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Fecal transfers deemed unfit to treat obesity in mice study

Polish researchers have found that transplanting a fecal sample from lea, healthy mice to obese recipients may modulate gut microbiota but does not help improve metabolic syndrome symptoms.
The study, published in the online journal Nutrition and Metabolism, examined changes in the gut microbiota in mice fed a long-term, high-fat diet after administration of feces from lean animals.
Obesity researchers from from two clinical oncology institutes in Warsaw have suggested that the condition in both humans and animals may be associated with decreased intestinal barrier function and gut inflammation. Obesity shares a significant relationship with type 2 diabetes.
In this study, scientists postulated that this can be regulated and potentially reversed by a specific diet supplemented with feces from lean healthy donors.
In order to verify their theory, the researchers ran an experiment where they followed three groups of mice fed a different diet for 28 weeks.
One group was on a normal diet (with 10 per cent of calories from fat), another consumed a high-fat diet (of 22 per cent protein and 30 per cent fat), and the remainder received both a chow and feces from mice fed a normal diet.
The composition of colonizing bacteria as well as body weight was then evaluated at 12 and 28 weeks after starting the experiment.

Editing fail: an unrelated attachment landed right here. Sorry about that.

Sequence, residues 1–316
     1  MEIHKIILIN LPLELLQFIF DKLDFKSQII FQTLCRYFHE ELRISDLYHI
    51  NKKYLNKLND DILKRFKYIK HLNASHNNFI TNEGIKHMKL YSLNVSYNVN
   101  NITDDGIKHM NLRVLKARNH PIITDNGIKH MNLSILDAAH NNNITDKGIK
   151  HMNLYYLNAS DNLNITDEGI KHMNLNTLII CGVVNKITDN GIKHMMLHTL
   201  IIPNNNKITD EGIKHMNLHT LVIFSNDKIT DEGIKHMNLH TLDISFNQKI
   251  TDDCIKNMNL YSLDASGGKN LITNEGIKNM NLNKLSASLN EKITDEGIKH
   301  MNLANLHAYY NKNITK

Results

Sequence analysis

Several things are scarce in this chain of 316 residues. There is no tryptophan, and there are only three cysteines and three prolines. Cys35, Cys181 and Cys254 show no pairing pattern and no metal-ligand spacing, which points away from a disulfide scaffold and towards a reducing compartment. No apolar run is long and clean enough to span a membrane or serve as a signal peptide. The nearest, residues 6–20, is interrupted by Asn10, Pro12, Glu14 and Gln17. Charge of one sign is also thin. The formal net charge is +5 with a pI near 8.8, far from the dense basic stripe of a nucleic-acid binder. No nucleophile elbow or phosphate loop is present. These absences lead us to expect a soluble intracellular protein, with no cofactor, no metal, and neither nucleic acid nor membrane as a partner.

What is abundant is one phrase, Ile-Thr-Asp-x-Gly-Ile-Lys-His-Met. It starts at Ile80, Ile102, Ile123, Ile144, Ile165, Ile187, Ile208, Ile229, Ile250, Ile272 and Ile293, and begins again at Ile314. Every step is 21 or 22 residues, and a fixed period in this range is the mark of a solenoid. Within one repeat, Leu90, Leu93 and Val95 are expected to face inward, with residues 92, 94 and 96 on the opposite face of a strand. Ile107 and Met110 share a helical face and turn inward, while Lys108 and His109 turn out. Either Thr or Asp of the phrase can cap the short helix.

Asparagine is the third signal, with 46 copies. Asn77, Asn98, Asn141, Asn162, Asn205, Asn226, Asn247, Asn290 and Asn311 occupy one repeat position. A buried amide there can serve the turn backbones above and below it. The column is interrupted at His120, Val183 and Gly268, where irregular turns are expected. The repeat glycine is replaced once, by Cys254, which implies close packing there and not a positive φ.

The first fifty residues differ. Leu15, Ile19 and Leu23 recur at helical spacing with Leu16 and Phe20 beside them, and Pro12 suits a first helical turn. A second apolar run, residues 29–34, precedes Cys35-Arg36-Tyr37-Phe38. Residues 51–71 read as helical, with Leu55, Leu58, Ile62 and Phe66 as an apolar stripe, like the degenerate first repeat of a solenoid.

While researchers expected to see a drop in the body weight of fecal transferred-mice, the results showed otherwise.
The data demonstrated that although transferring feces from lean to high-fat adapted obese mice modified the composition of their gut microbiota (with gut diversity increasing over time), this was associated with weight gain instead of the anticipated weight reduction.
Both mice on a high-fat diet and those that received the fecal transfers from their lean counterparts experienced an increase in body weight by weeks 6 and 5, respectively. The latter group of mice even ended up gaining more weight than the former by week 25.
The researchers concluded that, in contrast to previous reports, supplementing high-fat fed mice with feces from lean mice tends to accelerate the onset of obesity.
However, there are important caveats in the study. The composition of the mice’s “high-fat” diet is one, as by deduction more than half of calories came from carbohydrates. A diet that is both high-fat and high-carb was likely to cause increased weight gain in the later weeks of the protocol.
Similarly, previous research has shown that fibre intake is key to a healthy gut microbiome. Without it, the growth of beneficial species of bacteria in the GI track stalls and the lack of a rich intestinal microbiota may not protect mice from diet-induced obesity.
Overall, this mice study looking at the impact of changes in gut microbial profiles on metabolism does not fully support treating obesity through fecal transfers.

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